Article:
"It is a myth," Gaetz says, "that a college degree is a guarantee of a job." The remedy, he believes, is that "we need to make sure that higher education is lashed to the realities of the economy."
But college also should prepare students not just for that first job, but give them the skills to grow into the jobs they will have in 10 years. That's why a liberal arts component, which teaches critical thinking, is essential to any college education. Florida's former university Chancellor Charles Reed, who now holds that job for the California State University system, captured it well: "Silicon Valley can find all the math and engineering people they need. They're looking for people who can communicate, think creatively, can work together in teams."
The irony remains, however, that unless state college and university funding increases and stabilizes, we risk having a system that is both too cheap to provide that necessary quality and too expensive for the value of education actually received.
That has left higher education officials trying to find ways to do more with less, mostly by advocating that institutions should have more discretion to spend money as they see fit. Florida State president Eric Barron believes that might help him hold on to some faculty who are wooed away to sometimes less prestigious institutions simply because FSU can't match their offers. He advocates giving university presidents benchmarks — graduation rates, measurable impact by faculty in their fields and the like — and if they meet them, granting them more freedom in their budgets.
Dean Colson, the new head of the Board of Governors, recognizes where the university system needs to go. A strong public university system will likely always lose some bright students to elite institutions elsewhere, but its job is to educate well those who do come and have that quality recognized. Florida continues to be battered in national rankings, including the controversial U.S. News list. UF is the state's highest-ranked public school at No. 58. California has six institutions in the top 50.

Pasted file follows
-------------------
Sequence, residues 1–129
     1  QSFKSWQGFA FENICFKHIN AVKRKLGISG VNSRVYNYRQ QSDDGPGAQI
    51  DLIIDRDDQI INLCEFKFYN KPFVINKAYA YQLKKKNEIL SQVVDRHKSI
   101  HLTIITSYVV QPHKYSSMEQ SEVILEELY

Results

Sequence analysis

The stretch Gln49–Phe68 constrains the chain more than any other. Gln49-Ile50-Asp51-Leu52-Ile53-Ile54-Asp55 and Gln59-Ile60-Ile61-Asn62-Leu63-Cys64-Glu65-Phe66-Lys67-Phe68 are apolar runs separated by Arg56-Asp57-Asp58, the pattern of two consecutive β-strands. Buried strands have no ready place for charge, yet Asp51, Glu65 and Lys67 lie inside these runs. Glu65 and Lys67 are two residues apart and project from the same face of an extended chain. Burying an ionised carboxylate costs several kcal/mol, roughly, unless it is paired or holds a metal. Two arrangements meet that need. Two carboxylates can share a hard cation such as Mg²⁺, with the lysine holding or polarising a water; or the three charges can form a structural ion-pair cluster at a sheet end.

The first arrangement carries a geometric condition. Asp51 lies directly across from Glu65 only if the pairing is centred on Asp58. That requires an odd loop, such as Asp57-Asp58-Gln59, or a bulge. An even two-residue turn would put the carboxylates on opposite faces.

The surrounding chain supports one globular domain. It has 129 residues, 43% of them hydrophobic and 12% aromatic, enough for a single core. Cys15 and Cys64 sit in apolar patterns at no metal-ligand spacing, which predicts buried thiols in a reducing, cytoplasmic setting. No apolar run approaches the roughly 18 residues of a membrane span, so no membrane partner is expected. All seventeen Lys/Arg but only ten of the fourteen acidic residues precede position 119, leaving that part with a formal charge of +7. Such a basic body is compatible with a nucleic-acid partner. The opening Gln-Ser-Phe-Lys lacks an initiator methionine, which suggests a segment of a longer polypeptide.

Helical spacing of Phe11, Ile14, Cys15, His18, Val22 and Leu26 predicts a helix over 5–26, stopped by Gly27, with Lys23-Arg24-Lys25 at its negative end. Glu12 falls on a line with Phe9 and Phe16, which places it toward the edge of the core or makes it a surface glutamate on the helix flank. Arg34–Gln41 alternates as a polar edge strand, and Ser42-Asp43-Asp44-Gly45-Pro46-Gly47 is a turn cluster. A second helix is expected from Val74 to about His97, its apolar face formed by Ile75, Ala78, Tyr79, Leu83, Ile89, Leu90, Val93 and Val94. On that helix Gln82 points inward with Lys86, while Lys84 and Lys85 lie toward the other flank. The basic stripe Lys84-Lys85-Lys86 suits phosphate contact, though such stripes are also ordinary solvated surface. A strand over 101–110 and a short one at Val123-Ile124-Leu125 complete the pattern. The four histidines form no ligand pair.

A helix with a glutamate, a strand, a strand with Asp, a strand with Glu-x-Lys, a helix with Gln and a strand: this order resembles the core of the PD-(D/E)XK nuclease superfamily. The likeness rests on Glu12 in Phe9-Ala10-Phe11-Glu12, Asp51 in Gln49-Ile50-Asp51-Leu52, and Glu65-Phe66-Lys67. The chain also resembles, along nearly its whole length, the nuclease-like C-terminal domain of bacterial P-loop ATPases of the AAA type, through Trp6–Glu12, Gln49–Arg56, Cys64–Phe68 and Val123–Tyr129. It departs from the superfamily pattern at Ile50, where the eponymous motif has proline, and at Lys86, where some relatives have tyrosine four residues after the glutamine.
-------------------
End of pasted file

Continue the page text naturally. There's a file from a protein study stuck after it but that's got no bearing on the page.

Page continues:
To help remedy that, the Board of Governors has drawn up a 13-year strategic plan. Among the more promising ideas: Increase faculty membership in national academies from the current 38 to 75 by 2025. Being elected to one of the academies is a prestigious recognition of accomplishment in a professor's field. California's flagship university, Berkeley, has 139 academy members. Even amid all of its own problems, the California system added 15 just last year.
Such faculty usually cost a lot to attract. But once here, they will bring in research dollars — and prestige — that will more than pay for their costs. That's the kind of ambition Florida needs to pursue to raise its academic status. As Colson puts it, these top professors "will often pay for themselves."
For that to happen, Florida needs to shed its longtime reluctance to pay for quality higher education, or what Reed calls the state's motto: "We're cheap and we're proud of it." Graham looks to the Board of Governors — and four new members appointed by Scott — for leadership. But it will also require the investment of the Legislature. As Graham rightly argues, "If 2012 is not the year to avoid hemorrhaging of funding for higher ed, when will it be?"
Jim Verhulst can be reached at jverhulst @tampabay.com.